For several more days, Microsoft worked remotely on one of our affected PCs and discovered that a number of patches had been “Staged”, but never installed. They were stuck in this “Staged” state and this was preventing all other patches from installing.

How did we get into this mess

This is our working theory. One word. McAfee.

It turns out that one of our EPO policies was actively preventing some Windows Updates from installing. If you have landed on this page because you have the same problem, you have to disable the following option:

How we got out of this mess

This is where it gets “interesting”. The solution on paper sounds simple:

  • Reset Windows Update:
    • Stop all Windows Update related services
    • Rename the SoftwareDistribution folder
    • Rename the catroot folder
  • Extract a list of all installed/staged packages to a text file using dsim
  • Restart Windows Update services
  • Parse the file containing the installed packages, extract any module name in the “Staged” state, and use dsim to remove those packages.

The problem is that the list of Staged packages was different on every single machine - not the sort of task you want to be doing by hand on that many machines.

The good news is that is is scriptable, but has to be done in phases.

Phase One

Run the following Powershell script on every affected machine (it can be run in a remote Powershell session without disturbing the target machine user):

$res = "\\<yourservershare>\WindowsUpdates\StagedResult." + $env:COMPUTERNAME + ".txt"

net stop BITS
net stop Cryptsvc
net stop trustedinstaller
"Stopping WINDOWS UPDATE..."
net stop wuauserv

"Renaming Windows Update Folders..."
ren $env:systemroot\SoftwareDistribution SoftwareDistribution.old
ren $env:WINDIR\system32\catroot2 catroot2.old
"Getting packages..."
dism /online /get-packages | out-file -encoding ascii $res
net start BITS
net start Cryptsvc
net start trustedinstaller
"Starting WINDOWS UPDATE..."
net start wuauserv

Note that this script outputs the installed packages for that machine to a file called: StagedResult.<COMPUTERNAME>.txt

In our case, we output this file to a shared folder on a server so that we could collate all the files in preparation for phase two.

Here is an example of the dsim output file:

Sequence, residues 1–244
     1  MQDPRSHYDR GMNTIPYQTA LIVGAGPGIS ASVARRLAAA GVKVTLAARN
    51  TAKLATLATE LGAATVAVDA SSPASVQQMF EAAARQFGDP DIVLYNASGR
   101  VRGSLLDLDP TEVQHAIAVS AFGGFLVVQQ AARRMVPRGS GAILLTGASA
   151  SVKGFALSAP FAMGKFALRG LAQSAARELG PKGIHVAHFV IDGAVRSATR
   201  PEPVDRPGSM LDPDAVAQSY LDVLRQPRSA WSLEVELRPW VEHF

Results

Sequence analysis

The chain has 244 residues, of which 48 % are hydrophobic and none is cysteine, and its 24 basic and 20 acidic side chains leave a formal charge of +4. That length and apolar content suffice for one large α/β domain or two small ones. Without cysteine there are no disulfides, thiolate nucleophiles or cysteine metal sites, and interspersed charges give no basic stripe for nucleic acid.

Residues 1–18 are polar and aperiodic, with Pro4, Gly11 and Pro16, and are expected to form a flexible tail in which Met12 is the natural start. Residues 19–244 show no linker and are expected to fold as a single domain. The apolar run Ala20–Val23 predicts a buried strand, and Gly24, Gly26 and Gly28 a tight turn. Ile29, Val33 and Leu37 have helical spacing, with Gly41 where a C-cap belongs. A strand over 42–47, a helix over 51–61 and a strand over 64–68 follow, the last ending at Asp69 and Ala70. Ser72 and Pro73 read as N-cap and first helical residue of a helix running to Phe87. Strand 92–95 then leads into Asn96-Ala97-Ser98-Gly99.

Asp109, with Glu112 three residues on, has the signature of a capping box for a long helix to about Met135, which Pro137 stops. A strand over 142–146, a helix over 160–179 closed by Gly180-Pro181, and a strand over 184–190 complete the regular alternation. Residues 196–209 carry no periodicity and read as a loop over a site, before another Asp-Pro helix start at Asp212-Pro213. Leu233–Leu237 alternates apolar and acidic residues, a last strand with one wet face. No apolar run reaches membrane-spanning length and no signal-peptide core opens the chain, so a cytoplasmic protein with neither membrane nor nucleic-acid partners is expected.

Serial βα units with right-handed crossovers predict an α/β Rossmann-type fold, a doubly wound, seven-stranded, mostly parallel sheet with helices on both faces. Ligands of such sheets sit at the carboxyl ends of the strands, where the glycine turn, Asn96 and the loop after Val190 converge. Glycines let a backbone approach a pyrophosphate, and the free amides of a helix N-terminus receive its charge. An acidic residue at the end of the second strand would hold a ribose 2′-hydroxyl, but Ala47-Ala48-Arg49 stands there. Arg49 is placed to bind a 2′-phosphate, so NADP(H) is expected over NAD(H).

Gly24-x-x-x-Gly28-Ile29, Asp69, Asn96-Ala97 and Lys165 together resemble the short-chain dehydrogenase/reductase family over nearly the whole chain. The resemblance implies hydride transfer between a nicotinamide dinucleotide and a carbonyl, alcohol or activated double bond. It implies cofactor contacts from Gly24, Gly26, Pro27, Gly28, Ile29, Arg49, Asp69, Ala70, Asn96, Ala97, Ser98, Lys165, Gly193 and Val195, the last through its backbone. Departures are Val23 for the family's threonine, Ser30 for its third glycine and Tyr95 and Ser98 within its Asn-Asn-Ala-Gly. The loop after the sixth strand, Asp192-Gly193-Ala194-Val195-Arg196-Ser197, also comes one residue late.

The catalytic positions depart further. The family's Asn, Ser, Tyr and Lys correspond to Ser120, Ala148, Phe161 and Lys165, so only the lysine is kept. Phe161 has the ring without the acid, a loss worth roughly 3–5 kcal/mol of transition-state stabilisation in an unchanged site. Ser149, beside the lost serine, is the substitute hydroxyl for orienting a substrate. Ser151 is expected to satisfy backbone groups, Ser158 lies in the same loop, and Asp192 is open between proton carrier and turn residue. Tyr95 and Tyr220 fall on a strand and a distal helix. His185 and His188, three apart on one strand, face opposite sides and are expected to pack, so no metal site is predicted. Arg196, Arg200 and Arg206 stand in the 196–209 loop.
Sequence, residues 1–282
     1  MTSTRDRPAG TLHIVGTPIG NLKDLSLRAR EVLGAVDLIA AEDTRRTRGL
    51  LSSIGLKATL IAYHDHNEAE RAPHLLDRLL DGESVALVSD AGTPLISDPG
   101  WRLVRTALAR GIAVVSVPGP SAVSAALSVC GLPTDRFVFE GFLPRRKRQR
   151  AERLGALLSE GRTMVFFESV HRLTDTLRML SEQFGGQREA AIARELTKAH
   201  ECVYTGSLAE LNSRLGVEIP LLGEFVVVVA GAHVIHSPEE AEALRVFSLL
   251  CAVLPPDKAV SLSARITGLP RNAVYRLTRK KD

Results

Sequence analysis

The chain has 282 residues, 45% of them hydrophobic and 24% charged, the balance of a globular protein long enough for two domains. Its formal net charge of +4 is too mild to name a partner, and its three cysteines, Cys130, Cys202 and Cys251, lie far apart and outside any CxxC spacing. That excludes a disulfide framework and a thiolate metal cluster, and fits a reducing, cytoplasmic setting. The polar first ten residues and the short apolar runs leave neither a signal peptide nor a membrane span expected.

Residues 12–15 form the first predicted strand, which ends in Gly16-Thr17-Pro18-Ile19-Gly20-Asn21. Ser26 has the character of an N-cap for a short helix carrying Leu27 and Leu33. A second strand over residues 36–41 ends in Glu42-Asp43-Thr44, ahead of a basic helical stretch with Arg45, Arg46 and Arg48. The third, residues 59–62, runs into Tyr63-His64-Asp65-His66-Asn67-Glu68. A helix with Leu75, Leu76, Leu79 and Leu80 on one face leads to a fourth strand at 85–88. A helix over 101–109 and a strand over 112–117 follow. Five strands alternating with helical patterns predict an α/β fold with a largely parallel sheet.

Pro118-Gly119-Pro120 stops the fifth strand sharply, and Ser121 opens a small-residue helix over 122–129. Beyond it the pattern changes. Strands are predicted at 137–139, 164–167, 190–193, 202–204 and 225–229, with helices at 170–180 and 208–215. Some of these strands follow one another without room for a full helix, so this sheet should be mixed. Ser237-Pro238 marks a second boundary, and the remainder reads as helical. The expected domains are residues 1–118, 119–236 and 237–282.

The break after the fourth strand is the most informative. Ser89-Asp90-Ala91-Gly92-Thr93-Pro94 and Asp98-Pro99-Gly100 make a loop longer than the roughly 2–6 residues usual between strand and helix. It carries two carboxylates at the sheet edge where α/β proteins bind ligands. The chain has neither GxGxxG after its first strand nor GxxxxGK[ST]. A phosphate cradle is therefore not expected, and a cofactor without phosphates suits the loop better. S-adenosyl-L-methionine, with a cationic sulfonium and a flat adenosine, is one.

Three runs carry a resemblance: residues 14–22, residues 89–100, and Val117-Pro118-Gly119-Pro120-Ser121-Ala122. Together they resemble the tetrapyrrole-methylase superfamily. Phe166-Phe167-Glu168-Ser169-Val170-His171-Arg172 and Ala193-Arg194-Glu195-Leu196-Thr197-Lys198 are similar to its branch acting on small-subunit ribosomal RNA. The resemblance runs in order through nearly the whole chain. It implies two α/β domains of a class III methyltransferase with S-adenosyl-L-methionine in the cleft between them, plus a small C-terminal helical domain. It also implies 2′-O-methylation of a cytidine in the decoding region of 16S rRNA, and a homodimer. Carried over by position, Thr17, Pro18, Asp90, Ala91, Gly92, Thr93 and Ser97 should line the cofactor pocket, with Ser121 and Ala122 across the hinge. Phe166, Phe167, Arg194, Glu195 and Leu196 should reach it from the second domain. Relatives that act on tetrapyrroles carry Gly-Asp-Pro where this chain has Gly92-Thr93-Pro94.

Deployment Image Servicing and Management tool
Version: 6.1.7600.16385
Image Version: 6.1.7601.18489
Packages listing:
Package Identity : Package_for_KB272945231bf3856ad364e35amd646.1.1.0
State : Staged
Release Type : Security Update
Install Time : 17/02/2017 23:04

Phase Two

I have a bit of background in Linux system admin, so I chose to use Cygwin bash scripts for this phase. The principle is pretty simple, so if you are not comfortable with bash, grep or sed, feel free to script in a language of your choice.

The following bash script: takes a generated package list file from phase one as a parameter, then uses grep to extract the list of “Staged” package names, and pipes that output to sed to create a Powershell script that can be run on the source machine to remove all of the Staged packages:

cat $1 | grep -Pzo '(?<=^Package Identity \: )(.*)(?=\n^State : Staged$)' | \
    sed 's/^/dism \/online \/remove-package \/packagename:/' > \

As we had collated all of the files from the affected machines in a shared folder, I used the following script to process them all in the one go:

for f in ./StagedResult*.txt; do
    if [ -e "$f" ]; then
        ./ "$f"

This is an example of the output script for a single machine:

dism /online /remove-package /packagename:Package_for_KB272945231bf3856ad364e35amd646.1.1.0
dism /online /remove-package /packagename:Package_for_KB300374331bf3856ad364e35amd646.1.1.1
dism /online /remove-package /packagename:Package_for_KB302038731bf3856ad364e35amd646.1.1.2

The output filename of the new script is: StagedResult.<COMPUTERNAME>.txt.removal.ps1

Phase Three

We now have to run the targeted output scripts from Phase Two on each of the affected machines. Again, this can be done using a remote Powershell session without disturbing the machine user.

When this phase has been completed and the machine has been rebooted, Windows Updates will work again.

  1. The post was composed on a nice, clean, virus free (and Anti Virus free) Mac. A world where OS updates magically work every time. As if by magic.